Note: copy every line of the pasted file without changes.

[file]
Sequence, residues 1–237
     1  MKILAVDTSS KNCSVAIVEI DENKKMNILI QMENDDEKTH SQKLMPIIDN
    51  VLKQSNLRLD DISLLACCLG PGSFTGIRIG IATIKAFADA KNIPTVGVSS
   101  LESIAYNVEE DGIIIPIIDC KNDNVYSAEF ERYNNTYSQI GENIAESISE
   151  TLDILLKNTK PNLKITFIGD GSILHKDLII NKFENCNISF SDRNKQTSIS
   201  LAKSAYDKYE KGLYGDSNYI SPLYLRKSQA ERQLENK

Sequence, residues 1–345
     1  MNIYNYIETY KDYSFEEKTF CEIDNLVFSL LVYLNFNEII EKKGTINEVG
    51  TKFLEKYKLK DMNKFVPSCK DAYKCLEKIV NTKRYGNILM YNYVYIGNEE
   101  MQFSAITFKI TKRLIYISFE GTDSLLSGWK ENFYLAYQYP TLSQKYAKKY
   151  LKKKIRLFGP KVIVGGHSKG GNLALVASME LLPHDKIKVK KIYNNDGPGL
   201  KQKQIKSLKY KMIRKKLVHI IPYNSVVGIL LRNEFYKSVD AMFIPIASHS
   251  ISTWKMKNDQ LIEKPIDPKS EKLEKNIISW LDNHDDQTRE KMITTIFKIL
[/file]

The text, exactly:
Sequence, residues 1–237
     1  MKILAVDTSS KNCSVAIVEI DENKKMNILI QMENDDEKTH SQKLMPIIDN
    51  VLKQSNLRLD DISLLACCLG PGSFTGIRIG IATIKAFADA KNIPTVGVSS
   101  LESIAYNVEE DGIIIPIIDC KNDNVYSAEF ERYNNTYSQI GENIAESISE
   151  TLDILLKNTK PNLKITFIGD GSILHKDLII NKFENCNISF SDRNKQTSIS
   201  LAKSAYDKYE KGLYGDSNYI SPLYLRKSQA ERQLENK

Sequence, residues 1–345
     1  MNIYNYIETY KDYSFEEKTF CEIDNLVFSL LVYLNFNEII EKKGTINEVG
    51  TKFLEKYKLK DMNKFVPSCK DAYKCLEKIV NTKRYGNILM YNYVYIGNEE
   101  MQFSAITFKI TKRLIYISFE GTDSLLSGWK ENFYLAYQYP TLSQKYAKKY
   151  LKKKIRLFGP KVIVGGHSKG GNLALVASME LLPHDKIKVK KIYNNDGPGL
   201  KQKQIKSLKY KMIRKKLVHI IPYNSVVGIL LRNEFYKSVD AMFIPIASHS
   251  ISTWKMKNDQ LIEKPIDPKS EKLEKNIISW LDNHDDQTRE KMITTIFKIL